Congress Urges Global Net Tax Ban
The recommended bill - introduced by authors of the Internet Tax Freedom Act, Rep. Christopher Cox, R-CA, and Sen. Ron Wyden, D-OR - was signed into law late last month and extends last year's ITFA, which imposed a three-year ban on Internet taxes at the federal, state and local levels. The bill creates a national commission to study tax issues. Congress would like to see a permanent ban on tariffs for e-commerce vendors that ship goods from one country to another, increasing the one-year moratorium adopted last year by the 132-nation WTO under U.S. trade representative Charlene Barshefsky.
This is important for direct marketers because the bill "brings the issue of what is happening domestically into focus," said Stanley Sokul, a Washington-based lawyer and a member of the commission representing the Association for Interactive Media, Washington. "It calls into attention the issue of cross-border shipments. And when people agree on the international level, it makes it easier for direct marketers to make their case on the domestic level."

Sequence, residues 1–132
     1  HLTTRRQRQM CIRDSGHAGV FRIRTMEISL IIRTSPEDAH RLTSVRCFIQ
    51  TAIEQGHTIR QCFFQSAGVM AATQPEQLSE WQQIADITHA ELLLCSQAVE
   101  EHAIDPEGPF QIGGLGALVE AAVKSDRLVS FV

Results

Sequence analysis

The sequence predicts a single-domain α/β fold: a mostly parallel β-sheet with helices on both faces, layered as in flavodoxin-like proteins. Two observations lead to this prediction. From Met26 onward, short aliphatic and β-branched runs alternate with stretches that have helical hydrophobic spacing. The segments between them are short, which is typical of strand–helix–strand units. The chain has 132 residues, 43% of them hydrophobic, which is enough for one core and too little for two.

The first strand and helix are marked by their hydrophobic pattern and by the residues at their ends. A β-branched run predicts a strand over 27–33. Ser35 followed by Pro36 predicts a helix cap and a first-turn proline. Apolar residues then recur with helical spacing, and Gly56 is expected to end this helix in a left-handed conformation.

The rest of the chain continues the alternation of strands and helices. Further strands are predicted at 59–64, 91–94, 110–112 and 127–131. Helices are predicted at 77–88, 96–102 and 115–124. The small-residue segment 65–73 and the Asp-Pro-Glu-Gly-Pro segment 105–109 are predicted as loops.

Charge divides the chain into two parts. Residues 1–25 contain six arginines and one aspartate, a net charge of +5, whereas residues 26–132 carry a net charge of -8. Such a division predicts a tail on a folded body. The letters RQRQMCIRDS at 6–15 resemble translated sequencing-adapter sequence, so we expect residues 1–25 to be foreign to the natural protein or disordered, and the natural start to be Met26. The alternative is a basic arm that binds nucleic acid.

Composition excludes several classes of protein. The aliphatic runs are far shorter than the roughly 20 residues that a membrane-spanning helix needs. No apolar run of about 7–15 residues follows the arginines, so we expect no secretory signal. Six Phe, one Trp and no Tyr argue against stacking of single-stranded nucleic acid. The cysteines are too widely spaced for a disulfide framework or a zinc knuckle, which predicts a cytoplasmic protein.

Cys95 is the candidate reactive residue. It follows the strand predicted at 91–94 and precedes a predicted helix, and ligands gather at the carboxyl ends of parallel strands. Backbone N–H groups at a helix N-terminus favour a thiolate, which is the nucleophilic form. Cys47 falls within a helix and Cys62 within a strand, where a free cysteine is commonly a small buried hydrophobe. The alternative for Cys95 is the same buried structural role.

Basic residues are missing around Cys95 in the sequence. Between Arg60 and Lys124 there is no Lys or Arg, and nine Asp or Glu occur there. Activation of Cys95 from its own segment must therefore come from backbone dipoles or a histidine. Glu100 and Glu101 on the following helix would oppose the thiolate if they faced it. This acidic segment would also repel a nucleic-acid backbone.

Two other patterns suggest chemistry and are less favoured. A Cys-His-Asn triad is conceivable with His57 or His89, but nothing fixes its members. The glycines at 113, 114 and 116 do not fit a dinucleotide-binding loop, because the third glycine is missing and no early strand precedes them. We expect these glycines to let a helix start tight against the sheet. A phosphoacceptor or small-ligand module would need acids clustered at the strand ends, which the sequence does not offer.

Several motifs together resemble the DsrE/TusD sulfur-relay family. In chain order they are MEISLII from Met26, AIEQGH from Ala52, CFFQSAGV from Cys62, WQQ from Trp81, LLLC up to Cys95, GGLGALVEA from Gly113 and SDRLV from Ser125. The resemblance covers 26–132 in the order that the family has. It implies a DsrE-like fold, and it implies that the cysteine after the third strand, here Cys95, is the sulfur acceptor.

Ben Isaacson, acting executive director of AIM, said the bill is essentially the same proposal that AIM presented to the commission at its meeting in New York last month, which was endorsed.
Meanwhile, the commission - which must come up with a plan by April on how to tax Internet commerce - is divided between members who fear loss of government revenue to tax-free Internet business and those who argue that sales taxes or other taxes would hamper the medium's growth.
According to Sokul, the commission is making some progress. It submitted a report to the Federal Register last week that increases the criteria for Internet taxation to 18 points from its original five, which included simplicity, no new taxes, no additional burden for sellers, no compromise of buyer privacy and treatment of buyers in all states as equal. The group will discuss the criteria again Dec. 14 at its next meeting in San Francisco.
In related news, representatives from Taxnet Systems Inc., Spring Lake, NJ, will propose a Net tax system later this month. The collection method routes taxes directly from consumers to government tax collectors. However, not all agree with the solution.
"They think they can collect taxes from all 50 states, but that doesn't solve the real problem - how do you collect taxes from 7,000 taxing systems," Isaacson said. "Even more importantly, the software cannot define whether a specific good is a luxury item or a recreational item, and whether it is a personal item or a business item. This is done at the point of presence."